Rise of minority politicians a refreshing sign of the times
Gay councillor Andrew Muir believes old prejudices can no longer thwart moves towards a more liberal-thinking society.
Last year I stepped forward and broke the mould by becoming Northern Ireland’s first openly gay Councillor. This occurred as a result of my appointment as an Alliance Party Councillor on North Down Borough Council for the Holywood area on 8 July 2010 via the new co-option procedure.
|Wearing Councillor Robes at Bangor|
Town Hall for Freedom of the Borough Event
for the RNLI on 18 September 2010
along with Cllr Dr Stephen Farry MLA
When I see something wrong I don’t turn a blind eye or hope that somebody else will address the matter. I take action and stand up for what is right. I stand out from the crowd and am known for my clear commitment to a Shared Society where diversity is embraced and celebrated.
The fact that my appointment as Northern Ireland’s first openly gay Councillor passed without any adverse comment hopefully signifies that Northern Ireland has changed.
We have evolved from a place where it was illegal to be gay to a new Northern Ireland where gay people are protected against discrimination and now feature in many professions whether it be medicine, law, finance or politics.
Since July I have been working hard to meet the needs of my constituents, attempting to make Holywood the best place in Northern Ireland for everyone to live, work or visit.
I have received a warm welcome from nearly every person I encounter. Whether at the Town Hall or across Holywood, I am judged by most people on my ability to do the job not my sexual orientation.
|Cllr Andrew Muir|
But why did we have to wait until 2010 before Northern Ireland got its first openly gay Councillor?
The answer to this question lies in North Down. In 1953 Patricia Ford was elected in that constituency as Northern Ireland’s first ever female MP. This development occurred 35 years after Constance Markiewicz became the first female MP to be elected to the House of Commons in 1918 followed by Nancy Astor in 1919 for the Plymouth Sutton constituency.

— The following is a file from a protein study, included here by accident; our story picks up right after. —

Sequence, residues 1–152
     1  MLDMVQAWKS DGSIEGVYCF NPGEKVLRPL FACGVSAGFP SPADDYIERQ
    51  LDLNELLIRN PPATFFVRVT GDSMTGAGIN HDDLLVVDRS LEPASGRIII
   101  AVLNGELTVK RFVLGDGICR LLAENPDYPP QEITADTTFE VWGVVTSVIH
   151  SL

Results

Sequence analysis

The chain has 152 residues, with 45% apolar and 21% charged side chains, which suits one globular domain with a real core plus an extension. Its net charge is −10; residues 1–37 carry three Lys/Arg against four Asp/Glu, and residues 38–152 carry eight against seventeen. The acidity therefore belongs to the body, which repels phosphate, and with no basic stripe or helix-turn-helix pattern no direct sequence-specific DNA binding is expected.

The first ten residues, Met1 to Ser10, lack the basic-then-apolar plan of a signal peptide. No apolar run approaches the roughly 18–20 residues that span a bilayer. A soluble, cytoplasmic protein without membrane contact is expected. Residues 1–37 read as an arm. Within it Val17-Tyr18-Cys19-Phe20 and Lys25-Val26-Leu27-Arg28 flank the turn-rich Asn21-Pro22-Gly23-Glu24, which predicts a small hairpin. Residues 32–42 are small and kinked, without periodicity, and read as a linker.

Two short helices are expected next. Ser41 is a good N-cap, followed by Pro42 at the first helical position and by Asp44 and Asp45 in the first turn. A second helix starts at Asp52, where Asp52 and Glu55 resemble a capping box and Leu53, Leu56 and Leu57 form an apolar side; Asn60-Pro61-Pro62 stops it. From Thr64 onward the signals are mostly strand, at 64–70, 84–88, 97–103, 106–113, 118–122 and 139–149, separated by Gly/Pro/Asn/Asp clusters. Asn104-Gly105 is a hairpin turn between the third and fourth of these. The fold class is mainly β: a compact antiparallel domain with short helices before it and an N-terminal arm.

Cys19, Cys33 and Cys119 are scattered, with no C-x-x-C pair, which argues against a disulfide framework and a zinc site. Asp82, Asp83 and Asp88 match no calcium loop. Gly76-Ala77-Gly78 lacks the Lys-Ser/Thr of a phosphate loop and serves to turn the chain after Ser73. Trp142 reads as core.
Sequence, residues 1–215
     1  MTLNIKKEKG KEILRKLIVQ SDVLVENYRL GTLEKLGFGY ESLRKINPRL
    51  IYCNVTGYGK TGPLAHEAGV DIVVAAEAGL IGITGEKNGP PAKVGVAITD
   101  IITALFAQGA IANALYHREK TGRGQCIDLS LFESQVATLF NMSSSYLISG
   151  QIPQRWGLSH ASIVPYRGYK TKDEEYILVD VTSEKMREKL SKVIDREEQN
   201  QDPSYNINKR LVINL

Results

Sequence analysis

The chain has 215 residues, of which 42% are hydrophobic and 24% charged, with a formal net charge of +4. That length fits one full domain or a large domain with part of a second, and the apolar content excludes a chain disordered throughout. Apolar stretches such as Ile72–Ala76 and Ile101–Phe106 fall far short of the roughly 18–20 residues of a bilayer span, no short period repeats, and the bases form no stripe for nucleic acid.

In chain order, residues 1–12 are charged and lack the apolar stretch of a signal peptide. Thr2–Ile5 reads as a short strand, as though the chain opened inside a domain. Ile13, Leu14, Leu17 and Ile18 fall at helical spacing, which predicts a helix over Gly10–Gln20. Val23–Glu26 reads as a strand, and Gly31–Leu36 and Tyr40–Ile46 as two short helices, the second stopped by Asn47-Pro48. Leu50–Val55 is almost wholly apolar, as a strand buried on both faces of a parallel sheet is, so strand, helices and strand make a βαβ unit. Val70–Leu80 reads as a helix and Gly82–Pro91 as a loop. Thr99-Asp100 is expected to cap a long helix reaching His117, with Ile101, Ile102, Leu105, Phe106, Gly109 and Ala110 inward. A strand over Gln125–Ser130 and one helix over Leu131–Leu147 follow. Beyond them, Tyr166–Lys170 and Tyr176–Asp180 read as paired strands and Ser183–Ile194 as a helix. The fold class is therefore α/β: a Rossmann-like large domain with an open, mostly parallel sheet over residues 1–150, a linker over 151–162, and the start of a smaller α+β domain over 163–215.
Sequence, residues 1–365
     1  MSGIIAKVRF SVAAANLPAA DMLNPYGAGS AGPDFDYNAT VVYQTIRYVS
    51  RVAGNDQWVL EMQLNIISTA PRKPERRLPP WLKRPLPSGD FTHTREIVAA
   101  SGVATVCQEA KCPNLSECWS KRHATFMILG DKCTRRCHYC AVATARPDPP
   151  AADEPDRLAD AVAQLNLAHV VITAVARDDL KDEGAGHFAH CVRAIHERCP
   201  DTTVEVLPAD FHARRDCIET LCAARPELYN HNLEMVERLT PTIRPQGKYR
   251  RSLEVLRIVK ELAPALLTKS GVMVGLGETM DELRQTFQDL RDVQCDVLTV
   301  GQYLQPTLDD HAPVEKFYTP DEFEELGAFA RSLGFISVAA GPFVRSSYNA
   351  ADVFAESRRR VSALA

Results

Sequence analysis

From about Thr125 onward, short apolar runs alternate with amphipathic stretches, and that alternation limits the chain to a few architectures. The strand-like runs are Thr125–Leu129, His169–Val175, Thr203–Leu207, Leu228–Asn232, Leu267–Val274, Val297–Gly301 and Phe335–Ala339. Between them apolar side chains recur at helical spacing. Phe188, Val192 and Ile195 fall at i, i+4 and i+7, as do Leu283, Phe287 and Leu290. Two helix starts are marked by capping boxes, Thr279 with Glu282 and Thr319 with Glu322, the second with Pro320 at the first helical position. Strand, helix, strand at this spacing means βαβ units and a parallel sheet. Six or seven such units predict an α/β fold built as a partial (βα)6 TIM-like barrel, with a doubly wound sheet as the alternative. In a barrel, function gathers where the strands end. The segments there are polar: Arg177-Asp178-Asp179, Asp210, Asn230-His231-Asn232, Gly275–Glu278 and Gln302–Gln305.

|Naomi Long MP|
A long delay therefore seems to occur in terms of the representation of certain people in Northern Ireland following legislative and attitudinal changes.
|Stephen Twigg MP when elected |
in 1997 beside Michael Portillo
The Irish Senate has several openly gay members including Presidential hopeful David Norris whilst a wide range of gay people have been selected as candidates by mainstream political parties in winnable seats for the forthcoming Dail Election. In addition to this the Scottish Parliament has four openly gay Members.
|Irish Presidential hopeful|
Senator David Norris
Northern Ireland has already had elected representatives who weren’t straight. I dare not speak their name.
The challenge ahead is for mainstream political parties to select men and women who are openly gay to stand in winnable seats so that the people can elect a new generation of politicians fully reflective of today’s society.
The Alliance Party has already proven its ability to meet this challenge with myself as Northern Ireland’s first openly gay Councillor. I hope others will also step forward.
Peter Robinson recently remarked “We’re the party of progress, We are the party of the future. We are the party of Northern Ireland.” Their ability to attract openly gay candidates and voters should be used to test whether this is rhetoric or reality.
With legal protections now in place and attitudes changing, an increasing number of lesbian and gay people have the confidence to be out and proud.
This is now feeding into the political system, with being gay less of an issue for party members. Barriers to selection are slowly breaking down and I hope more openly gay people will soon emerge as election candidates.
|Anna Lo MLA|
In order for politics to work we need people to get involved. Anna stepped forward and has proven a fantastic MLA for South Belfast.
The time for others to step forward is now. To those who yearn for change, I call on you to join a political party and consider putting yourself forward as a candidate. If you don’t want to stand for election, do attend party meetings and re-balance the debate. Political parties which are much more representative of society will ensure a wider and more varied slate of candidates emerge.
Shortly after winning a supervisor's seat in San Francisco, Harvey Milk, the first openly gay man to be elected in the US and later to be assassinated stated “It’s not my victory, it’s yours and yours and yours. If a gay can win, it means there is hope that the system can work for all minorities if we fight. We’ve given them hope”. I hope to continue the beacon of hope lit by Harvey back in 1977 and that others will join me. Together we change Northern Ireland.